681 Question Posted On: Date: 09.17.2017 Time: 12:47:06 Posted By User From: LA
Subject: Shooting on Public Land
Question Posted:
Hi Greg, so appreciate you doing this for indie filmmakers - I hope they return the favor by HIRING you!

Anyway, quick question: we shot our feature film and one location (a beach) we honestly didn't get a permit for. Can the government sue us? Do they have a trademark or copyright to the beach if it's state owned?

Many thanks for any input!
Greg Answered:

Assuming you did not photograph and use any signage there is not a copyright or trademark issue. They could have fined you for being on the property without a permit. I have no idea if they can still come back to you if they find out. But the film you footage you can use.

680 Question Posted On: Date: 05.18.2017 Time: 07:28:17 Posted By User From: New York
Subject: Finders Agreement
Question Posted:
Hi Sorry to bother you again. Reading up on shopping agreements it seems that most of the online articles revolve around Producer/writer relationships. In my case I am acting as Producer until I find the right producing partners and the people I am currently working with are people who simply may be able to get the script to known actors and/or investors.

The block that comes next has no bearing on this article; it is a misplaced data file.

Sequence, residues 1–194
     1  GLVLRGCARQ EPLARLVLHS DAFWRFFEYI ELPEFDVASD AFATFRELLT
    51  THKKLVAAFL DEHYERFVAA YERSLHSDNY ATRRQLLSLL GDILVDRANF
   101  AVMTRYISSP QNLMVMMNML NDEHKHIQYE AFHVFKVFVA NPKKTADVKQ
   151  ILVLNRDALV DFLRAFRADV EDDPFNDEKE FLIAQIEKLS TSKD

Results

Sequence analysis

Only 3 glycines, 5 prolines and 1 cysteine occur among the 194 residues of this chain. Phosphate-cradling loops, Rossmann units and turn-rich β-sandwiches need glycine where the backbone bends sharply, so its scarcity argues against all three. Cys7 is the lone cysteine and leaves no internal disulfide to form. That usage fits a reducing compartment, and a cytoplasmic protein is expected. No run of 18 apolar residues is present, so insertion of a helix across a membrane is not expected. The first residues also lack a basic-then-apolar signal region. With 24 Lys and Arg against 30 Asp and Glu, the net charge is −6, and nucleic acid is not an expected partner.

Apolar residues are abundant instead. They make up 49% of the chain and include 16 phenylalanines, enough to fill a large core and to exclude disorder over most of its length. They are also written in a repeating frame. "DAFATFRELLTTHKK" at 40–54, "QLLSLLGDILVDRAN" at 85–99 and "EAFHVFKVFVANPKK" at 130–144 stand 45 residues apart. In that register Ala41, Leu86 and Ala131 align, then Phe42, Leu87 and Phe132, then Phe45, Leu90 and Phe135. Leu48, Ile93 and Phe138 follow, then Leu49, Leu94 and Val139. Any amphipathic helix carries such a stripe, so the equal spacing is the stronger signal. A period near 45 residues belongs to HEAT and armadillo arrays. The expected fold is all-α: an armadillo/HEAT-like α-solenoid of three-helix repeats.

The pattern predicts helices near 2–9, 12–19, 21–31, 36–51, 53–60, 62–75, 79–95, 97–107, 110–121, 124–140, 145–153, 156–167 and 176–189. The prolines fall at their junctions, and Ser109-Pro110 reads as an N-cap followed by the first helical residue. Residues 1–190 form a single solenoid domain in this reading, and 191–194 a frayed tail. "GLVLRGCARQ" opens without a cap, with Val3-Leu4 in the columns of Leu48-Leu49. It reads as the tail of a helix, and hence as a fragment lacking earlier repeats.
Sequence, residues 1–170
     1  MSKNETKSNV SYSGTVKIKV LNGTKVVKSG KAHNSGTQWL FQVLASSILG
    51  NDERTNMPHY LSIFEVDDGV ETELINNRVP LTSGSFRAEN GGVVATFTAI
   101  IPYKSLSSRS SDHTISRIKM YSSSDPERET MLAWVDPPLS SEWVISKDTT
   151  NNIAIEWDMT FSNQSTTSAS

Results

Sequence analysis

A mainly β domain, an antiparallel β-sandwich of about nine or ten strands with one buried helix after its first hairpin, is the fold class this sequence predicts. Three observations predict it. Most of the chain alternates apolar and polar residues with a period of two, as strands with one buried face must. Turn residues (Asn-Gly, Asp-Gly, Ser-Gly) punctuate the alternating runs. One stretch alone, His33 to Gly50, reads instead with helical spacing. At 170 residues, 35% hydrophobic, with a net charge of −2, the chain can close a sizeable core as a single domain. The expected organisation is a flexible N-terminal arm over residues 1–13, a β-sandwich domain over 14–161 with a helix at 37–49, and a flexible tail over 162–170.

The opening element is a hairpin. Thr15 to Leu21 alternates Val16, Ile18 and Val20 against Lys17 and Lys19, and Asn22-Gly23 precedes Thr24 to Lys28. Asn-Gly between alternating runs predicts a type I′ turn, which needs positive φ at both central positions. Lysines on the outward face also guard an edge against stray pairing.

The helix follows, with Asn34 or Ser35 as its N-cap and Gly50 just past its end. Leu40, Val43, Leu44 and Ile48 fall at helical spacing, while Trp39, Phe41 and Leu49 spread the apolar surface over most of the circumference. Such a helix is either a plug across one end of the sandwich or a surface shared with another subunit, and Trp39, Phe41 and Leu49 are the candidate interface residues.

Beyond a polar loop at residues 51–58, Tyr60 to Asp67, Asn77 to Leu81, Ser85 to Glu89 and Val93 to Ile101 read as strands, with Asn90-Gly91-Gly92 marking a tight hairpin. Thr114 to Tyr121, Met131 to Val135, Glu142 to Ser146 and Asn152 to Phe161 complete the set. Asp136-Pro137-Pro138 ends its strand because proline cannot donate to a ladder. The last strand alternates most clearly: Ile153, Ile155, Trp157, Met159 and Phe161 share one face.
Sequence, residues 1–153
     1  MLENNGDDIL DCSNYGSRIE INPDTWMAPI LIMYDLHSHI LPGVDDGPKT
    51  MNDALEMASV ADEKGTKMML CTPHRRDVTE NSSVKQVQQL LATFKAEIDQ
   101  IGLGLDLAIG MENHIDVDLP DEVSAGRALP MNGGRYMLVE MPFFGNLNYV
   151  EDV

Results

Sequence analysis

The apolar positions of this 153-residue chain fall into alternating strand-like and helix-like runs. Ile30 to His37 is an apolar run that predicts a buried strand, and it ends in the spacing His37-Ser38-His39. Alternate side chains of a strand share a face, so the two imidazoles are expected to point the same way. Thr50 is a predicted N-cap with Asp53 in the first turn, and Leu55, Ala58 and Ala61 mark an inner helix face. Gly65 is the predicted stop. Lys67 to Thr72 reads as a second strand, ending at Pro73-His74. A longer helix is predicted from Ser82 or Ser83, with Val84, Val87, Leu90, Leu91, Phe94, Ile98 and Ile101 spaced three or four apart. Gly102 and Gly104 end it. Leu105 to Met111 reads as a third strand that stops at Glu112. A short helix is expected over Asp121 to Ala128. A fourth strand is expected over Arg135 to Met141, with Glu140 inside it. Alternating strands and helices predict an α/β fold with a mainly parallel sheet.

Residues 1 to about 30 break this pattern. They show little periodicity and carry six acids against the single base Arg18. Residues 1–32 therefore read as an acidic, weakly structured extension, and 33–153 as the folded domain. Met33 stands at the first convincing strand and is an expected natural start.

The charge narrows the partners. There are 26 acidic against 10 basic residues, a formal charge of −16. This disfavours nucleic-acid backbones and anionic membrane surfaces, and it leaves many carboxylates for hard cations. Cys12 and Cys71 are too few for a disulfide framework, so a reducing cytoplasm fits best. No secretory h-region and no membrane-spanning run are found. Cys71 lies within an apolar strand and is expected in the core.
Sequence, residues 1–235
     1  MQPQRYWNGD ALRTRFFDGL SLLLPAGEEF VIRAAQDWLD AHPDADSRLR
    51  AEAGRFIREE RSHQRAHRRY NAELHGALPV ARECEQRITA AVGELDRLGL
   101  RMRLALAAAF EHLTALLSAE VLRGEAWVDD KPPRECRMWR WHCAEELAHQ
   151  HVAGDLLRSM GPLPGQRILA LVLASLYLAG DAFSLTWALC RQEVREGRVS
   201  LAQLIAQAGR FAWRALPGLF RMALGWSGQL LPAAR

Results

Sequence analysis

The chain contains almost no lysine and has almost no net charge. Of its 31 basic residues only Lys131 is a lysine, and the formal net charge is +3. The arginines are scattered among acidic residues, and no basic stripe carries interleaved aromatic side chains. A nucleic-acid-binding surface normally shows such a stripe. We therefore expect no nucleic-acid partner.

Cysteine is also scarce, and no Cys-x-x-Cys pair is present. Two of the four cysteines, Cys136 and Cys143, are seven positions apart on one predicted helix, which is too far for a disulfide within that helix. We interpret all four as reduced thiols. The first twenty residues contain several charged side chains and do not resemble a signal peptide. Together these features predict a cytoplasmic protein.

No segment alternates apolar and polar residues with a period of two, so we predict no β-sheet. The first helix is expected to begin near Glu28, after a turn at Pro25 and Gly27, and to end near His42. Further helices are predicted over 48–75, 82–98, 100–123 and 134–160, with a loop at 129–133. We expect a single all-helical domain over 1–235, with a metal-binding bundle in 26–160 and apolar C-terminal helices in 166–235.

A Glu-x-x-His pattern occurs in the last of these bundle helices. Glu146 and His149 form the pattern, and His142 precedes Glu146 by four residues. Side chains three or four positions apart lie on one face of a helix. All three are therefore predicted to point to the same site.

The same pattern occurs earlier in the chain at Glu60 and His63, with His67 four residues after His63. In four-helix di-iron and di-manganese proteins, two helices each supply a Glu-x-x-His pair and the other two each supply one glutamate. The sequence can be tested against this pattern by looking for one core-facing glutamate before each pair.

Would a finder's agreement perhaps be what I am looking for? Ideally I'd like to have one contract that I can use with anywhere from six to eight people who might be able to introduce the project to known talent/producing partners/investors.

I understand that I would still need to use an entertainment lawyer for the job but it would be great to know what exactly I need. So thank you in advance for any insight you might have.
Greg Answered:

Whether you need a shopping agreement or a finder agreement depends on what it is the people you are teaming up with you want them to do. Finder and shopping are fairly similar . Finder is more typical for someone who is going to go out and find the financing (or could be for other elements). Shopping is more typical with setting a project up (such as with another production company , distributor or financier). Either way, you need a lawyer to help navigate you through this.

679 Question Posted On: Date: 05.12.2017 Time: 06:51:20 Posted By User From: New York
Subject: Response to Q # 678
Question Posted:
First, thank you so much for your quick response and for what you do with this forum. I've read many pages of it and find it amazingly informative.

I did get a strange feeling from the lawyer I called because I have had initial consultations in the past where I was not charged.